From getting her hand stuck in a claw machine at age 6 to losing her job, Olive Torres has never felt that luck was on her side. But her fortune changes when she scores a free vacation after her identical twin sister and new brother-in-law get food poisoning at their wedding buffet and are too sick to go on their honeymoon. The only catch is that she’ll have to share the honeymoon suite with her least favorite person—Ethan Thomas, the brother of the groom. To make matters worse, Olive’s new boss and Ethan’s ex-girlfriend show up in Hawaii, forcing them both to pretend to be newlyweds so they don’t blow their cover, as their all-inclusive vacation package is nontransferable and in her sister’s name. Plus, Ethan really wants to save face in front of his ex. The story is told almost exclusively from Olive’s point of view, filtering all communication through her cynical lens until Ethan can win her over (and finally have his say in the epilogue). To get to the happily-ever-after, Ethan doesn’t have to prove to Olive that he can be a better man, only that he was never the jerk she thought he was—for instance, when she thought he was judging her for eating cheese curds, maybe he was actually thinking of asking her out. Blending witty banter with healthy adult communication, the fake newlyweds have real chemistry as they talk it out over snorkeling trips, couples massages, and a few too many tropical drinks to get to the truth—that they’re crazy about each other.

Heartfelt and funny, this enemies-to-lovers romance shows that the best things in life are all-inclusive and nontransferable as well as free.

Pub Date: May 14, 2019

ISBN: 978-1-5011-2803-5

Page Count: 416

Publisher: Gallery Books/Simon & Schuster

Review Posted Online: March 3, 2019

Kirkus Reviews Issue: March 15, 2019

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With frank language and patient plotting, this gangly teen crush grows into a confident adult love affair.

LOVE AND OTHER WORDS

Eleven years ago, he broke her heart. But he doesn’t know why she never forgave him.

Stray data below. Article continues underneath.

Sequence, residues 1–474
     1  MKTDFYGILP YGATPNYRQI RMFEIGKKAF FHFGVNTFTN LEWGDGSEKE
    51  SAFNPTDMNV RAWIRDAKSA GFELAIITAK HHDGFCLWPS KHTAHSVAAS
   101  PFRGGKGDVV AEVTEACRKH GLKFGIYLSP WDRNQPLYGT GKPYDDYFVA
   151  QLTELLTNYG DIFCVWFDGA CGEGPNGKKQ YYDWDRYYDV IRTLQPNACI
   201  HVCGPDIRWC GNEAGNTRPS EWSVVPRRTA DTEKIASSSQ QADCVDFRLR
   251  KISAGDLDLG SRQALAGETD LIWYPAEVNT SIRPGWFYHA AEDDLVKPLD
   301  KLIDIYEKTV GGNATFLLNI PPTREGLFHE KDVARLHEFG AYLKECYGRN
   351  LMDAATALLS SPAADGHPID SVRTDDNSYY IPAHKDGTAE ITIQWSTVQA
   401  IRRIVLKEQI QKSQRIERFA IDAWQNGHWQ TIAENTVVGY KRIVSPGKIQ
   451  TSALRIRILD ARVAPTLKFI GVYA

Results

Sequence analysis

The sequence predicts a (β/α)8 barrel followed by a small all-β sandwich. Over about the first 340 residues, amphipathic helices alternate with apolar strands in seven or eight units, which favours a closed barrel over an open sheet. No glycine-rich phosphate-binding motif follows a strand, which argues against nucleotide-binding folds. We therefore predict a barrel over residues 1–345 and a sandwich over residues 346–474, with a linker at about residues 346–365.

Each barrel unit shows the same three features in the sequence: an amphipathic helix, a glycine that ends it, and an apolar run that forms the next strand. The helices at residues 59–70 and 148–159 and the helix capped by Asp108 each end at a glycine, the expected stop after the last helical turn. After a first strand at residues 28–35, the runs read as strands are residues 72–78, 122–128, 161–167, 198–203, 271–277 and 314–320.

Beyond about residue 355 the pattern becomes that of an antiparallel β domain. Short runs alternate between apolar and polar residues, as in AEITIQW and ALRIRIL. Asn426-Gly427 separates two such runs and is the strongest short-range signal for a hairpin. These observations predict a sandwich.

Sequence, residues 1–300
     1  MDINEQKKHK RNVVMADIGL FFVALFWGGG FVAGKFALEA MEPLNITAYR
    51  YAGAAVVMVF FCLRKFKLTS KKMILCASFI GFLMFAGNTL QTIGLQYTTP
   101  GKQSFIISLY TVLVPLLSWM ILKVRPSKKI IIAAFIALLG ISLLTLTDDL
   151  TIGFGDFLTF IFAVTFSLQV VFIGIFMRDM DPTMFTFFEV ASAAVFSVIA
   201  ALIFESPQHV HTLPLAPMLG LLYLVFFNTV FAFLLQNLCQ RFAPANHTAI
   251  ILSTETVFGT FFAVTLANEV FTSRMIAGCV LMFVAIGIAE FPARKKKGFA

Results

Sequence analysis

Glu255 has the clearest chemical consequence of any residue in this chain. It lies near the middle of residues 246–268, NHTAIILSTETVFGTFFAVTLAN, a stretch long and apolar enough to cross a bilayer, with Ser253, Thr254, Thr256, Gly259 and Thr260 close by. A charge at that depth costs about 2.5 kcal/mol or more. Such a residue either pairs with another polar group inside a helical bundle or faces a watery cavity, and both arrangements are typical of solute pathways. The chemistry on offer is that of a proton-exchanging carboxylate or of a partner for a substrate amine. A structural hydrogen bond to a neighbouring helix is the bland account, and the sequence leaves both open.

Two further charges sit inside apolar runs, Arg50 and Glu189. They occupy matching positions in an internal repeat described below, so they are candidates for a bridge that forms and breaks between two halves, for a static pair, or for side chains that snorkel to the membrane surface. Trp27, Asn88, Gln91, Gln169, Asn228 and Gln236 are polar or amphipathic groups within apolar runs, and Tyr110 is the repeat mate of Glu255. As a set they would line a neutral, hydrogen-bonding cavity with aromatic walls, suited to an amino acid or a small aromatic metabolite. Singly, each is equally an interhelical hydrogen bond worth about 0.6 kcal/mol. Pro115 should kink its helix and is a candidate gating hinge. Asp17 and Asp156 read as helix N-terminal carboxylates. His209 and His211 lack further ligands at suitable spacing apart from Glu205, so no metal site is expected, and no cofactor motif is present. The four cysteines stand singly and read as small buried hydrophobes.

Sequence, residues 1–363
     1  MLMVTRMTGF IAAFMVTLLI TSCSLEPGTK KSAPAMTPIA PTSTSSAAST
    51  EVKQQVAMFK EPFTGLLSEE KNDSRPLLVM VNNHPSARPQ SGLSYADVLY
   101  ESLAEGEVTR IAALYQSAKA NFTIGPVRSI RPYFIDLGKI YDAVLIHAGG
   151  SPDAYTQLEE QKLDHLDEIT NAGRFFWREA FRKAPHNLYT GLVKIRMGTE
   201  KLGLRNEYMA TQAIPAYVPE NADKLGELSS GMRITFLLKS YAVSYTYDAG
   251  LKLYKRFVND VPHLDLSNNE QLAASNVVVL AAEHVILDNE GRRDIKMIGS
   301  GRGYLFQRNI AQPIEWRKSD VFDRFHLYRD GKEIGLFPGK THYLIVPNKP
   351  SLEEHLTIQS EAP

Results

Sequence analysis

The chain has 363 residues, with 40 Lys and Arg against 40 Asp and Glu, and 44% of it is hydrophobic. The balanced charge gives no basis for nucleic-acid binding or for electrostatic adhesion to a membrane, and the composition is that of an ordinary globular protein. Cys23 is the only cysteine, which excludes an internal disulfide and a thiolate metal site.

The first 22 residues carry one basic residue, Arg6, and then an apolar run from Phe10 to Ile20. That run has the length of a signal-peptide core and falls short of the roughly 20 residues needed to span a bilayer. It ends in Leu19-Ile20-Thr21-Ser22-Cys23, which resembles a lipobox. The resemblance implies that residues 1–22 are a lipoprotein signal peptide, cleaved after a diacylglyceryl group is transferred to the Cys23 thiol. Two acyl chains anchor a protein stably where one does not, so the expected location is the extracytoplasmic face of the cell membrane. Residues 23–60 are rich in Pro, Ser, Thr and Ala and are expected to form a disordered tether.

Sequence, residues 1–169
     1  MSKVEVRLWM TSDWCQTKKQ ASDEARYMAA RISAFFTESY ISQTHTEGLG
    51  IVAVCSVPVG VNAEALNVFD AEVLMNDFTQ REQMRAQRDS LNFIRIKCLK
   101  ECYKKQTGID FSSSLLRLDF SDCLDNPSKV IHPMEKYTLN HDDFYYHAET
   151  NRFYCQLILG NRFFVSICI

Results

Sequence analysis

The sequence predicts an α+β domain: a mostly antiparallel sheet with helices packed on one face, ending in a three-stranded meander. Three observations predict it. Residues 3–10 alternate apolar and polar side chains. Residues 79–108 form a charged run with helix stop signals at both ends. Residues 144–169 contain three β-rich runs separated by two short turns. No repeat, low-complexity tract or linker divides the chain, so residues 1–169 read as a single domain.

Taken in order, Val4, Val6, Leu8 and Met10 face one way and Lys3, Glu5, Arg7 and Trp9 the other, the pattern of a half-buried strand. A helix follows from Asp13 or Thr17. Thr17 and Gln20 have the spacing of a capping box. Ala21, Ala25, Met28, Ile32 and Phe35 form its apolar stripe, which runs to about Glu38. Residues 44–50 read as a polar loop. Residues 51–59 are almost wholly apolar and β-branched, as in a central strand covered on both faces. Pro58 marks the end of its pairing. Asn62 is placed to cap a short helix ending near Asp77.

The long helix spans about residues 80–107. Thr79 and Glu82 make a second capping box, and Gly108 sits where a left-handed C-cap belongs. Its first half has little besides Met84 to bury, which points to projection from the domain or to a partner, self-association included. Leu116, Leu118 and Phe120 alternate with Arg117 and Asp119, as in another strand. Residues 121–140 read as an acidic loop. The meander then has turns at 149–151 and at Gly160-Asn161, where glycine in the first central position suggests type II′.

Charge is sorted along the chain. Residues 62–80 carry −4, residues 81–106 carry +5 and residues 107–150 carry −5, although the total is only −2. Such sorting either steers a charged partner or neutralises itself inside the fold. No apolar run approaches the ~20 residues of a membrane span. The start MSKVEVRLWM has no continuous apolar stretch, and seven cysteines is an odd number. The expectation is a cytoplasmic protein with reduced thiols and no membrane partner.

Toggling between past and present, two love stories unfold simultaneously. In the first, Macy Sorensen meets and falls in love with the boy next door, Elliot Petropoulos, in the closet of her dad’s vacation home, where they hide out to discuss their favorite books. In the second, Macy is working as a doctor and engaged to a single father, and she hasn’t spoken to Elliot since their breakup. But a chance encounter forces her to confront the truth: what happened to make Macy stop speaking to Elliot? Ultimately, they’re separated not by time or physical remoteness but by emotional distance—Elliot and Macy always kept their relationship casual because they went to different schools. And as a teen, Macy has more to worry about than which girl Elliot is taking to the prom. After losing her mother at a young age, Macy is navigating her teenage years without a female role model, relying on the time-stamped notes her mother left in her father’s care for guidance. In the present day, Macy’s father is dead as well. She throws herself into her work and rarely comes up for air, not even to plan her upcoming wedding. Since Macy is still living with her fiance while grappling with her feelings for Elliot, the flashbacks offer steamy moments, tender revelations, and sweetly awkward confessions while Macy makes peace with her past and decides her future.

With frank language and patient plotting, this gangly teen crush grows into a confident adult love affair.

Pub Date: April 10, 2018

ISBN: 978-1-5011-2801-1

Page Count: 416

Publisher: Gallery Books/Simon & Schuster

Review Posted Online: Jan. 23, 2018

Kirkus Reviews Issue: Feb. 1, 2018